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Bill Pierce - Leica M photog and author

 

“Our autobiography is written in our contact sheets,  and our opinion of the world in our selects”  

"Never ever confuse sharp with good, or you will end up shaving with an ice cream cone and licking a razor blade."  

 

Bill Pierce is one of the most successful Leica photographers and authors ever. I initially "met" Bill in the wonderful 1973 15th edition Leica Manual (the one with the M5 on the cover). I kept reading and re-reading his four chapters, continually amazed at his knoweldge and ability, thinking "if I only knew a small part of what this guy knows... wow."  I looked foward to his monthly columns in Camera 35 and devoured them like a starving man.  Bill has worked as a photojournalist  for 25 years, keyword: WORK.  Many photogs dream of the professional photographer's  life that Bill has earned and enjoyed.  Probably Bill's most famous pic is Nixon departing the White House for the last time, victory signs still waving. 

 

Bill  has been published in many major magazines, including  Time, Life, Newsweek, U.S. News, The New York Times Sunday Magazine, New York Magazine, Stern, L'Express and Paris Match.  :His published books include  The Leica Manual,  War Torn, Survivors and Victims in the Late 20th Century, Homeless in America,  Human Rights in China,  Children of War.  Add to that numerous exhibitions at major galleries and museums.  Magazine contributions include  Popular Photography,  Camera 35, Leica Manual,  Photo District News, the Encyclopedia of Brittanica, the Digital Journalist, and now RFF.  Major awards include Leica Medal of Excellence, Overseas Press Club's Oliver Rebbot Award for Best Photojournalism from Abroad,  and the World Press Photo's Budapest Award. Perhaps an ever bigger award is Tom Abrahamsson's comment: "If you want to know Rodinal, ask Bill."

 

I met Bill in person through our mutual friend Tom Abrahamsson.  In person his insight and comments are every bit as interesting and engaging as his writing.  He is a great guy who really KNOWS photography.  I am happy to say he has generously agreed to host this forum at RFF  From time to time Bill will bring up topics, but you are also invited to ask questions.  Sit down and enjoy the ride!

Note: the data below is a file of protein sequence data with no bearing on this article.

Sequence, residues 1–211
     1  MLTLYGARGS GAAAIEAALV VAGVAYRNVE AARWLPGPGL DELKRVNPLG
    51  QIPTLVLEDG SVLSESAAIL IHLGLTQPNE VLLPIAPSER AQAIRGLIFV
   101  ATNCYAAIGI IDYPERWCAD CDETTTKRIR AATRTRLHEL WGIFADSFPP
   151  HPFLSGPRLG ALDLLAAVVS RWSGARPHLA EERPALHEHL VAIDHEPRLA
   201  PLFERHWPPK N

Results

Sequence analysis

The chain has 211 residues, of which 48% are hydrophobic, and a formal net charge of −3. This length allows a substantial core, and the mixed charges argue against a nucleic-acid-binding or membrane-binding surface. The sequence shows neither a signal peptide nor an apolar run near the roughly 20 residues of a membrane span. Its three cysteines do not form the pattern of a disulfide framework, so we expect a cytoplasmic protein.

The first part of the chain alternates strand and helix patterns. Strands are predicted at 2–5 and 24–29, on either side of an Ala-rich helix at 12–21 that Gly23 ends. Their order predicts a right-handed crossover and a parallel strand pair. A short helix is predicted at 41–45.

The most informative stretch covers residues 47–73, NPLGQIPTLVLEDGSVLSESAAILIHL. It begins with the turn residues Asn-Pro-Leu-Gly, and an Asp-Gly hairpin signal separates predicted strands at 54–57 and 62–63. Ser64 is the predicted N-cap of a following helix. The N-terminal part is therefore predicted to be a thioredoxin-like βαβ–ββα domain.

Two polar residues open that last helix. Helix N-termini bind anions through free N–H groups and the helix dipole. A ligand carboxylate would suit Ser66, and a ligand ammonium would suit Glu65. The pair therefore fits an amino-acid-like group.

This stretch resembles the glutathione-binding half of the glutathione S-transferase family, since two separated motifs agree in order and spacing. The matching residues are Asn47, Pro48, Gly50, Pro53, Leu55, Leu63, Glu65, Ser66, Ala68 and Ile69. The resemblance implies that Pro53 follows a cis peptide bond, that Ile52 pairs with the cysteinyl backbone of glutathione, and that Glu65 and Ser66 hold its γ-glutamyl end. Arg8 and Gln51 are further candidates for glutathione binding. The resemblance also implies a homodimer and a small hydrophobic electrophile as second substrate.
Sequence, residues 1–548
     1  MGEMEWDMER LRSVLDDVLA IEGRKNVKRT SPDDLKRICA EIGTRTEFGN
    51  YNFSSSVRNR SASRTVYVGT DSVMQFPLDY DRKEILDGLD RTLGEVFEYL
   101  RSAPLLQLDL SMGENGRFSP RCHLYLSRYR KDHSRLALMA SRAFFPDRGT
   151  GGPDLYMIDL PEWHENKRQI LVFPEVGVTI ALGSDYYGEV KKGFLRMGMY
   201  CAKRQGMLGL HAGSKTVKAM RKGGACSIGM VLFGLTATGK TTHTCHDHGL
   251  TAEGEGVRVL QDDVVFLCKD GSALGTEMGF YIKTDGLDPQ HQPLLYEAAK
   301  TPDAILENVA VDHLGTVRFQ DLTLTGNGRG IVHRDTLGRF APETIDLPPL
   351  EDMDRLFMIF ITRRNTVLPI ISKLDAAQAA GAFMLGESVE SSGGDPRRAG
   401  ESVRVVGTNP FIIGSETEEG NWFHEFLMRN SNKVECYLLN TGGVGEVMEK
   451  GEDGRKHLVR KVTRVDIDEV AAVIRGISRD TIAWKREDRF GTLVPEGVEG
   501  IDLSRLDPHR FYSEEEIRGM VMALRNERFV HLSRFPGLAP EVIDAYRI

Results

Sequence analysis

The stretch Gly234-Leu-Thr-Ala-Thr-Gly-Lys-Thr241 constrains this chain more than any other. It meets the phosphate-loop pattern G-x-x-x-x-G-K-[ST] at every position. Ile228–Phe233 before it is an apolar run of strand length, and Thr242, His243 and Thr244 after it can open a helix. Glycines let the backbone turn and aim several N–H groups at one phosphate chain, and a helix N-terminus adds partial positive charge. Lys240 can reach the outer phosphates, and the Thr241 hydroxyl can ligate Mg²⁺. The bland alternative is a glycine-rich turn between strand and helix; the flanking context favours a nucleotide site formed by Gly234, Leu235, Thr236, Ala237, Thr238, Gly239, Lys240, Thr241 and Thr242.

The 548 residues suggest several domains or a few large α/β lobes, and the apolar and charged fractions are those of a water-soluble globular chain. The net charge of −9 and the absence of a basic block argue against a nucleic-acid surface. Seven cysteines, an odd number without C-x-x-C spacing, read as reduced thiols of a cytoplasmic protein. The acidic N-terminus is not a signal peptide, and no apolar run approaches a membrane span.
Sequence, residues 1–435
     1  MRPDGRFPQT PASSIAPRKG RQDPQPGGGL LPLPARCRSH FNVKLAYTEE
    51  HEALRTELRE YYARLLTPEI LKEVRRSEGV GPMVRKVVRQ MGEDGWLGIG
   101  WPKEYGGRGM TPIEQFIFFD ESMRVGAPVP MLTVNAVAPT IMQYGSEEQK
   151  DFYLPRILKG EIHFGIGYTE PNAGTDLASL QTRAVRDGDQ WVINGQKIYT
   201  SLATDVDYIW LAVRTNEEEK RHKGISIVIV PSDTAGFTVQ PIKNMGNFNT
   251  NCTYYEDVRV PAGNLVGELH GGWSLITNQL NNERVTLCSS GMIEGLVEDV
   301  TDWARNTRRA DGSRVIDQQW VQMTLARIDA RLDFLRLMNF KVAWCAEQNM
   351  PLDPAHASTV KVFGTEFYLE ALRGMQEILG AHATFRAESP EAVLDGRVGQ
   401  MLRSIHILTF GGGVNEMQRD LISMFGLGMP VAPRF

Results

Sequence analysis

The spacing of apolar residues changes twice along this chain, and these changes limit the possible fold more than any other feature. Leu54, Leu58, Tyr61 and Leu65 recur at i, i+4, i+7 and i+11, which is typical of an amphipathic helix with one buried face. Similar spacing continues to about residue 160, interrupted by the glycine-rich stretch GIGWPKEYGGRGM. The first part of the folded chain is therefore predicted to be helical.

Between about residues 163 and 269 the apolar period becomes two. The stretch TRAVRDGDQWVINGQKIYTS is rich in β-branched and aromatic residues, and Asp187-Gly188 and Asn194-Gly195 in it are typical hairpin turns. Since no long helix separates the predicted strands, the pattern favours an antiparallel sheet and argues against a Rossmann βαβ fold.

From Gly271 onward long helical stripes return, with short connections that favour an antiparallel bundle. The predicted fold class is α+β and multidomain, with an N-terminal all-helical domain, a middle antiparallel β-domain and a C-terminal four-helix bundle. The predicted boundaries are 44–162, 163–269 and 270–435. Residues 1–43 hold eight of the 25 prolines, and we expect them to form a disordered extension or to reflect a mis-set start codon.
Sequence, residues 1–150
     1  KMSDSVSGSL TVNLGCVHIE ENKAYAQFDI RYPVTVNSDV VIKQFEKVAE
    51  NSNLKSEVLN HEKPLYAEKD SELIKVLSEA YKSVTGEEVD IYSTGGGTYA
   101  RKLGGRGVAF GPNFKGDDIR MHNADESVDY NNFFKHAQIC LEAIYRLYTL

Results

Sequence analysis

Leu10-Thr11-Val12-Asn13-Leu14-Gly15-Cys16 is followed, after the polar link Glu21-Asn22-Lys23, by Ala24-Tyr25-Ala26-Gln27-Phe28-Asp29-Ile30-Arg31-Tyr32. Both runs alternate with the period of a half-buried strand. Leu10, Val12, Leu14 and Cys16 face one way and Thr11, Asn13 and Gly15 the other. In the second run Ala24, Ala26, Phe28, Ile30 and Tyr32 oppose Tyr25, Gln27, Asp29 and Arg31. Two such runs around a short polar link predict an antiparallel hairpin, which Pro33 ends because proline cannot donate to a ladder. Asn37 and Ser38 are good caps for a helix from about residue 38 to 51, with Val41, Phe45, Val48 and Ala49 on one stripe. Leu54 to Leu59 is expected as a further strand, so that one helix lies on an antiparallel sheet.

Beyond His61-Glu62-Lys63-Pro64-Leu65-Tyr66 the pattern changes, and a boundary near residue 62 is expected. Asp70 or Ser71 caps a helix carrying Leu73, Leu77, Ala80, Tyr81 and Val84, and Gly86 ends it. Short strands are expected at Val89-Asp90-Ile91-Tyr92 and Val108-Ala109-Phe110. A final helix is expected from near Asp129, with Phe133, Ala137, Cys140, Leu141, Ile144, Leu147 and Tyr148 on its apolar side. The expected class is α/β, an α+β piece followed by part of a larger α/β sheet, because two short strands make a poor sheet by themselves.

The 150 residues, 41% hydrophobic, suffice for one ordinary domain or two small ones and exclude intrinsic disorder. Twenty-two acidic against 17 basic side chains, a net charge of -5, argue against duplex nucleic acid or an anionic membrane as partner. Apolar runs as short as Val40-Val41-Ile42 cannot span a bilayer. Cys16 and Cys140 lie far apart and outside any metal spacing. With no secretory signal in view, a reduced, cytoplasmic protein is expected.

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A thought process in progress...
Old 04-06-2019   #1
Bill Pierce
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A thought process in progress...

In the last thread, Farlymac said, “You know, Bill, there is a awful lot of good camera gear out there that has just as good a reputation as Leica, so don’t feel bad about slumming around with a Voigtlander lens.”

This set me to thinking about the position that digital rangefinder cameras have today, at least for me. When I was a working stiff that traveled long distances with film Leicas, I had a lot of them - 3 around my neck, a couple of backups against theft or breakdown in the hotel safe and at least one out for a CLA (clean, lubricate, and adjust).

Today I have one that I use for family snaps and street photography. The relative simplicity of the controls (and the years I have been using them) let me concentrate on an active, changing subject, not the camera. Getting the focusing out of the way and watching for a somewhat decisive moment with a finder that lets me see what is happening outside the frame helps too.

But the small size, accurate focus with wide angle and normal focal lengths and outstanding image quality for the format size are now equalled by a number of equally mirrorless digitals which are more suited to the full range of lenses including long lenses and zooms, may have many more operating features and often have a lower price.

I am lucky. Selling old film Leicas raises money for a new digital Leica, And old lenses work on new bodies. But no question about it, I think the Leica is a specialty camera for pictures that are shot selectively, not in bursts, shot where focus is a set it and forget it operation, not something that you deal with constantly or continuously, shot with relatively normal lenses not extreme wide or long and most of all shot with a finder that does very little to preview the final image, but gives you a very clear and detailed look at what is in front of the camera. Fortunately for me, I love that kind of photography.

I have nine “professional” cameras that I use most often to take pictures for other people. Seven of them could easily do the same pictures for which I use a Leica. Technically the pictures would be just as good or even better. But the simplicity of the Leica and the lack of a huge range of menu and control options forces me to concentrate on the subject. I like that. Too bad simplicity costs so much more than complexity.

Your thoughts?
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